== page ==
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Eileen Iyer v. the United States of America


February 7, 2012


The opinion of the court was delivered by: Honorable Paul A. Crotty, United States District Judge:





On December 3, 2008, Eileen Iyer ("Iyer"), proceeding pro se, petitioned this Court, under 28 U.S.C. § 2255, to correct her sentence due to ineffective assistance of counsel. Iyer argues that defense counsel was ineffective for failing to investigate and discover that her crime did not involve 50 or more victims, and failing to object to the resulting four-level guidelines range enhancement.

Iyer entered into a sentencing agreement with the Government which waived her right to appeal "or litigate under Title 28, United States Code, Section 2255. . . any sentence within or below the Stipulated Guidelines Range of 41 to 51 months' imprisonment." (Gov't Opp. Ex. C at 4.) Iyer was sentenced to 41 months' imprisonment. Further on two separate occasions, where under oath, Iyer said she was satisfied with the advice and counsel of her attorney. Her petition is DENIED.


On September 7, 2006, Iyer was charged in a two-count indictment with embezzling federal money, in violation of 18 U.S.C. § 641, and mail fraud, in violation of 18 U.S.C. § 1341. On December 10, 2007, Iyer pled guilty to both counts, without the benefit of a plea agreement.

Before her plea, Iyer acknowledged that she was satisfied with her lawyer's advice and the representation he had given to her. (See Gov't Opp. Ex. A at 5.) She reserved her right to challenge the various elements of the Pimentel letter. (See id. at 2.)

On February 20, 2008, the Probation Office issued a Presentence Investigation Report ("PSR"), calculating Iyer's guidelines range to be 63-78 months. (See Gov. Opp. Ex. B (the PSR) ¶ 77.) The PSR indicated that Iyer, an employee of Gold Crest, a nursing home, was responsible for collecting and recording all money that the Gold Crest residents received from the Social Security Administration and Medicare, and depositing a portion of that money into a Personal Needs Allowances bank account. (Id. PSR ¶ 10.) The PSR further indicated that Iyer wrote checks against the Personal Needs Allowances to pay her personal expenses. (Id. PSR ¶ 10.) The PSR indicated that "Iyer caused the residents of Gold Crest a loss amount totaling $536,528.03" and that the "offense involved 50 or more victims" who "by virtue of being in a nursing home, incapacitated by age and/or infirmity, were unable to handle their financial obligations." (Id. PSR ¶ 17.)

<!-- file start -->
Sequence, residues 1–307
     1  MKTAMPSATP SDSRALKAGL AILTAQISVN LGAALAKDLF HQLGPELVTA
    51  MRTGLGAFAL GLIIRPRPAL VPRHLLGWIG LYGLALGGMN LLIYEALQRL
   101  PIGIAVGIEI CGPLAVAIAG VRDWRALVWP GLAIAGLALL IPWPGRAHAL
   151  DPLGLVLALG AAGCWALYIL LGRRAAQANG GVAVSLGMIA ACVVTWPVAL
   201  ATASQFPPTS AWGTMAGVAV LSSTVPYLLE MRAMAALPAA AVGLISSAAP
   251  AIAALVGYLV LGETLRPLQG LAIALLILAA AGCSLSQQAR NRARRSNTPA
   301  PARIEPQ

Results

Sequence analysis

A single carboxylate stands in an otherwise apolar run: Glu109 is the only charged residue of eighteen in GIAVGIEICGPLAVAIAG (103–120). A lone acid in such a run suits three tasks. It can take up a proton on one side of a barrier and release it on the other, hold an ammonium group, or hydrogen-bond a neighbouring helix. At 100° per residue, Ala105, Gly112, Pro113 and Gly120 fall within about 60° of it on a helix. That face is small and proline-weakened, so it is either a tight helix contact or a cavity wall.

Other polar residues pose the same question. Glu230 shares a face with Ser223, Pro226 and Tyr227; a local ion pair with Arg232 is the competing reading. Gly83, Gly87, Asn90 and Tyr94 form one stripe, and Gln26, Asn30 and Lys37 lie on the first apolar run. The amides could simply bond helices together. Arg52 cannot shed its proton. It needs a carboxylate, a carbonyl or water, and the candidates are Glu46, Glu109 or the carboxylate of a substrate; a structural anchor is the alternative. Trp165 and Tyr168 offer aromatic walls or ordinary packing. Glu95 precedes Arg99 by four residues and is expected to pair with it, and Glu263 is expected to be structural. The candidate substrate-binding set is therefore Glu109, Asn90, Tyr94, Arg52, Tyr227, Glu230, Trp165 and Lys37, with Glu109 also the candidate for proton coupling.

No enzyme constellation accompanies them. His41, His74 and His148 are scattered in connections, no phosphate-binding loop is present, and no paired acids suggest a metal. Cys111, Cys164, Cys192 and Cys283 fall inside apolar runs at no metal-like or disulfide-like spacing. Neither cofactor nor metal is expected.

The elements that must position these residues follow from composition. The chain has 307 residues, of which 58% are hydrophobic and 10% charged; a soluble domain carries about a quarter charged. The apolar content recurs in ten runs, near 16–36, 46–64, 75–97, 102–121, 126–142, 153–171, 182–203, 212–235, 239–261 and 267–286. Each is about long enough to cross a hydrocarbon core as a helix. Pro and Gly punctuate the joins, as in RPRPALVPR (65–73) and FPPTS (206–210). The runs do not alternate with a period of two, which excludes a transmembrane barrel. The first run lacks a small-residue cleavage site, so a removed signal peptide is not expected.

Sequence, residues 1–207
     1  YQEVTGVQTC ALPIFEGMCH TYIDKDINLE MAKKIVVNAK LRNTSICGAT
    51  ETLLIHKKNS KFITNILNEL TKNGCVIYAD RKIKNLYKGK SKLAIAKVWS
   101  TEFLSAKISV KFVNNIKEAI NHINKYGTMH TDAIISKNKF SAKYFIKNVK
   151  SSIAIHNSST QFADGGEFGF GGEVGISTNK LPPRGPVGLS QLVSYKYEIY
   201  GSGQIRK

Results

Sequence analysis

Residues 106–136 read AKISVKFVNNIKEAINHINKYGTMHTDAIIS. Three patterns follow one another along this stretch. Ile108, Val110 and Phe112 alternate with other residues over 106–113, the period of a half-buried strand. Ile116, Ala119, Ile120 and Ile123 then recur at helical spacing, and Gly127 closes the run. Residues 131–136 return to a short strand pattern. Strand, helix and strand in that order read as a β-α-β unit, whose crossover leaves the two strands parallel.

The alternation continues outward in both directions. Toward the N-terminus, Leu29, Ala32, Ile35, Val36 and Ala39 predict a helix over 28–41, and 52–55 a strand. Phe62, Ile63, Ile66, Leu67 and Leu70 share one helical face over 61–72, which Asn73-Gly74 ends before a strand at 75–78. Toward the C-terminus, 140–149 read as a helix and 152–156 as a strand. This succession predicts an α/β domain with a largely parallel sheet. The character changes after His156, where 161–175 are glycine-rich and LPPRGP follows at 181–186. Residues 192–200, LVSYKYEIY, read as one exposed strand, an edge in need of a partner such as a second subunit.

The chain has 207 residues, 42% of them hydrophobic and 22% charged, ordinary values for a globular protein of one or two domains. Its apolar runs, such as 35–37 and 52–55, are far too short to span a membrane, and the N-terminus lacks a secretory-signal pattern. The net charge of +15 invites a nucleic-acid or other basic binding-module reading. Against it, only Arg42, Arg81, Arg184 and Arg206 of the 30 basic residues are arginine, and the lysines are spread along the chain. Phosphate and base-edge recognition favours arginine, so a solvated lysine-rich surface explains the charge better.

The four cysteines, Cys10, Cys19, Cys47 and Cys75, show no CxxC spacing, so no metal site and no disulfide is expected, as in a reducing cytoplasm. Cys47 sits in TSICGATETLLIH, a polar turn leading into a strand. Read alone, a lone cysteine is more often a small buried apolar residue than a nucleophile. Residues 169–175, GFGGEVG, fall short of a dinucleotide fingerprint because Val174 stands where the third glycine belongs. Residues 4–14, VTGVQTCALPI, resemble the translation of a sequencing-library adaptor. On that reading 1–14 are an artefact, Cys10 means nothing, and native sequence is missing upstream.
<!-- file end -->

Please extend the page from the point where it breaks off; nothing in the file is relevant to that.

On February 29, 2008, the Government entered into a sentencing agreement with Iyer, which Iyer signed in open Court on April 22, 2008, stipulating to a guidelines range of 41-51 months' imprisonment. The stipulated guidelines range was lower than the PSR guidelines range because it excluded: (i) a two-level increase for an offense that involved vulnerable victims, under U.S.S.G. § 3A1.1(b)(1); and (ii) and a two-level enhancement based on Iyer's abuse of a position of trust under U.S.S.G. § 3B1.3. (See Gov't Opp. Ex. E at 3.) The stipulated guidelines range expressly retained the four-level enhancement for offenses involving more than fifty victims. (See Gov't Opp. Ex. C, at 2.) Additionally, the sentencing agreement expressly provided that Iyer waived her right to "file a direct appeal, []or litigate under Title 28, United States Code, Section 2255 . . . any sentence within or below the Stipulated Guidelines Range of 41 to 51 months' imprisonment." (See Gov't Opp. Ex. C at 4.)

The sentencing agreement nonetheless allowed either party to seek a sentence outside the stipulated guidelines range based on 18 U.S.C. § 3553(a) factors. (Id. at 3-4.) Defense counselargued that Iyer should receive a sentence below the stipulated guidelines range because Iyer came from an abusive, troubled background, and her criminal behavior was consistent with mania. (See Gov't Mem., Ex. D.)